There's not really any new information in any of this, but here are a few more links for you.
Bill Plaschke writes in his column about the endless possibilities that this move presents to the Clippers. I must say, it seems far too optimistic to assume that 26 years of futility are now behind them because a guy who's been around for seven of those years, who happened to lead them to their best record in those 26 years, has been fired. "If Clippers fans look up today, they can see the limit to this team's possibilities. It's called, rather improbably, the sky."
Tom Ziller of FanHouse offers the counterpoint - Donald Sterling is still the owner, as well as the common thread in the 26 years of being a laughingstock. It's one thing to make a serious offer to a big time coach or GM (though of course it remains to be seen if that even happens) - but if the guy has option, would he actually choose to work for Donald Sterling? This argument of course applies to LeBron James as well, but I think it has much more bearing on the discussion of coach and general manager. LeBron generates his own atmosphere - but the coach and GM are much more vulnerable to the whims of the owner.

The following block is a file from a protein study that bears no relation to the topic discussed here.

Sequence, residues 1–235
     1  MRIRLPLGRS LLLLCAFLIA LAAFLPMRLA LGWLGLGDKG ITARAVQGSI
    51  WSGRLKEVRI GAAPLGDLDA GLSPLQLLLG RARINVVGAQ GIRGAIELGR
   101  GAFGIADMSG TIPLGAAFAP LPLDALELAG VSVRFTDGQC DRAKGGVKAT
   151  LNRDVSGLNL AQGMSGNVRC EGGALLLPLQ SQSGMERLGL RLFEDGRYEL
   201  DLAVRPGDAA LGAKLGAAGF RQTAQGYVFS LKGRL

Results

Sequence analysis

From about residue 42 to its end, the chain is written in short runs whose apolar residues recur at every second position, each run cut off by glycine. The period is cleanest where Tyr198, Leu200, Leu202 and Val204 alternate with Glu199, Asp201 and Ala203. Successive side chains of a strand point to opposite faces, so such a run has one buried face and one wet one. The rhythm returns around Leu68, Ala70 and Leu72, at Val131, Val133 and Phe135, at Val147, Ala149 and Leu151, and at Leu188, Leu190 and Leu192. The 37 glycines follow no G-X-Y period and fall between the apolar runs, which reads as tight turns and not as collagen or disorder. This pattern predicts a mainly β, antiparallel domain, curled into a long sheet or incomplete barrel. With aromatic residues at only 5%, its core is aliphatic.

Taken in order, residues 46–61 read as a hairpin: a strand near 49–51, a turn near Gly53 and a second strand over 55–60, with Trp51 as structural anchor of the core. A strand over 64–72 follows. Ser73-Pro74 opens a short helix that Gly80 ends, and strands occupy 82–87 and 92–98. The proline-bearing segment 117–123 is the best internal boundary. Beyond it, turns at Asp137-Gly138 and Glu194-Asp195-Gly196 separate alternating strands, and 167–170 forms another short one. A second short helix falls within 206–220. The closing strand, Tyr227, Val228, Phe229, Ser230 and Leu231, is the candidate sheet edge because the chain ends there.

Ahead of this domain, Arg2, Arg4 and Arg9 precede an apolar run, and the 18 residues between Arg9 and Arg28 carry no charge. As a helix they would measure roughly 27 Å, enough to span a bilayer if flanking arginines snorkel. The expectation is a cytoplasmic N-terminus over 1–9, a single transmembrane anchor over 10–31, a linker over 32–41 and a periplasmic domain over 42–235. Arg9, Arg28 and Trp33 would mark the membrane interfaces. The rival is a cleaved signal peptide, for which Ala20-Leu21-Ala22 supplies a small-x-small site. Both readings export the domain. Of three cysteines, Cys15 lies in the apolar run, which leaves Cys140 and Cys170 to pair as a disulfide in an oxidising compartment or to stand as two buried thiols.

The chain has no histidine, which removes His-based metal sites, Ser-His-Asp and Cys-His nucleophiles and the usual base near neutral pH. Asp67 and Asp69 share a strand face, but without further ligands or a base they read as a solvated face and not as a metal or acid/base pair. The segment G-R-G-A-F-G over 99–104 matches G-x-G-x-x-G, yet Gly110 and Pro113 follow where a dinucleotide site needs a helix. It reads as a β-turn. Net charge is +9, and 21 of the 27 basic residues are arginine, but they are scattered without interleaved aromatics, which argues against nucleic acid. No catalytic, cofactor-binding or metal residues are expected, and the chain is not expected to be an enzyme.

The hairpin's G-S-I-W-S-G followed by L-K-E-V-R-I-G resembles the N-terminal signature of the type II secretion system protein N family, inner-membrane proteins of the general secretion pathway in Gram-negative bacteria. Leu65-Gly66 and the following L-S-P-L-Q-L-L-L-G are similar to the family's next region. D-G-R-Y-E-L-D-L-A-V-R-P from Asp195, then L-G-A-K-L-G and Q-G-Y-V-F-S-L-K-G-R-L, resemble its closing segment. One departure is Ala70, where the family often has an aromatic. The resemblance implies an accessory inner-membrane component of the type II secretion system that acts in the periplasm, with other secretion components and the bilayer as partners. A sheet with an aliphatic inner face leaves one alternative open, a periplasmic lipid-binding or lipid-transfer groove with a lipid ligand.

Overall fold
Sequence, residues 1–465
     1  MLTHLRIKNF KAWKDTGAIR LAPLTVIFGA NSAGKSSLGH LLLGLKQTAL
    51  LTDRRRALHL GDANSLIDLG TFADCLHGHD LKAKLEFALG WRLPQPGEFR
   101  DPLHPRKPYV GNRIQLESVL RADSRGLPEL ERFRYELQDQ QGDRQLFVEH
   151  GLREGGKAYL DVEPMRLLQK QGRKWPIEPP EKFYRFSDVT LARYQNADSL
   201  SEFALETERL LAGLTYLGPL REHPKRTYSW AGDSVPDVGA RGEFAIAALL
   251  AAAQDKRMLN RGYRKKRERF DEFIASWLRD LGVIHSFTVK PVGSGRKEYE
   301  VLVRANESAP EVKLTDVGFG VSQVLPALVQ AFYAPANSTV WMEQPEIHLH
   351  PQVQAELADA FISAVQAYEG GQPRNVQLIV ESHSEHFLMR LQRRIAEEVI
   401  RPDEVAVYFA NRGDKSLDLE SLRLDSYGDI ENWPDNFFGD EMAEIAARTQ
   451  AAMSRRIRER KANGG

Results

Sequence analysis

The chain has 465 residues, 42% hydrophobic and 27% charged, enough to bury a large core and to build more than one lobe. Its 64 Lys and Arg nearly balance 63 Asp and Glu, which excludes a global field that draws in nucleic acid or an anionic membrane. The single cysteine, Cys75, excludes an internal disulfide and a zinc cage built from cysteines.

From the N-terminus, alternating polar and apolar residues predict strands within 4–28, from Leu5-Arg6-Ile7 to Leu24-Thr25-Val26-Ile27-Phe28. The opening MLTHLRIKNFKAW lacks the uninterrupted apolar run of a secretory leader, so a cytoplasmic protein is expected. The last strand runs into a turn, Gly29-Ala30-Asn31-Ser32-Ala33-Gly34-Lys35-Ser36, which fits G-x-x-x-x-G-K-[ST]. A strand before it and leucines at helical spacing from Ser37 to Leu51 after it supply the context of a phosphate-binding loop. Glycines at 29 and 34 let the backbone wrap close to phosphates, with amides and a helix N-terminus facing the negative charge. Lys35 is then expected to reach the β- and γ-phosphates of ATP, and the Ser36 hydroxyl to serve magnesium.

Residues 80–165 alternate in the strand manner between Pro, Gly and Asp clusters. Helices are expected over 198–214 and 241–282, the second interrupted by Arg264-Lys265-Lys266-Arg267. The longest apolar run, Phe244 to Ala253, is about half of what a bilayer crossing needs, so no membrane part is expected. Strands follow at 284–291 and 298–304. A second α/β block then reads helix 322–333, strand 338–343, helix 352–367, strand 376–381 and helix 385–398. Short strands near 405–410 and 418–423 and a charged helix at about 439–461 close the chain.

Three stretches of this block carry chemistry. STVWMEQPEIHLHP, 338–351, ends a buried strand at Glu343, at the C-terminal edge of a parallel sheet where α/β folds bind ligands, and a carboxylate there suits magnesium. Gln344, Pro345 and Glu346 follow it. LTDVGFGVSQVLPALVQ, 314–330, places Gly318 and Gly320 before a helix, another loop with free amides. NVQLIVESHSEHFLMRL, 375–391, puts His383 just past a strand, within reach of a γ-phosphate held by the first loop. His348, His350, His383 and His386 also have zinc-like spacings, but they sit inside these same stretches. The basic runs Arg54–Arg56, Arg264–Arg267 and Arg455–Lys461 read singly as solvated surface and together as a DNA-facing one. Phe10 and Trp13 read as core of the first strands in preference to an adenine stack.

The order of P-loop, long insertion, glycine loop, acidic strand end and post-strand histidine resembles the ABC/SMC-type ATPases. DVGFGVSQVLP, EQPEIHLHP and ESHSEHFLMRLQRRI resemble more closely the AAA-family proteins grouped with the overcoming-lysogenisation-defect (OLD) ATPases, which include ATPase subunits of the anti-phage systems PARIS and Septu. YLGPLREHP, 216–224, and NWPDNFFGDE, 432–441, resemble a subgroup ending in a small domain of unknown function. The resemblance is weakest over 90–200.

Lisa Dillman fleshed out the story that she posted on the blog last night with a few more details, though nothing we hadn't heard before. She does give us this quote from an Andy Roeser eMail to the Times: "With all due respect to Mike, we arrived at the realization that we weren't going to be able to move forward together in the long term, and we felt that, in order to give us the most flexibility as we approach this opportunity-filled off-season, making a clean break was our best option at this time." That's actually a pet peeve of mine - when someone starts a sentence "With a due respect..." and then proceeds to say something entirely disrespectful. People do it with "No offense..." also. "No offense, but you're the most vile human I've ever met." "None taken."
Ramona Shelburne also added some Dunleavy information to her latest post at ESPNLA.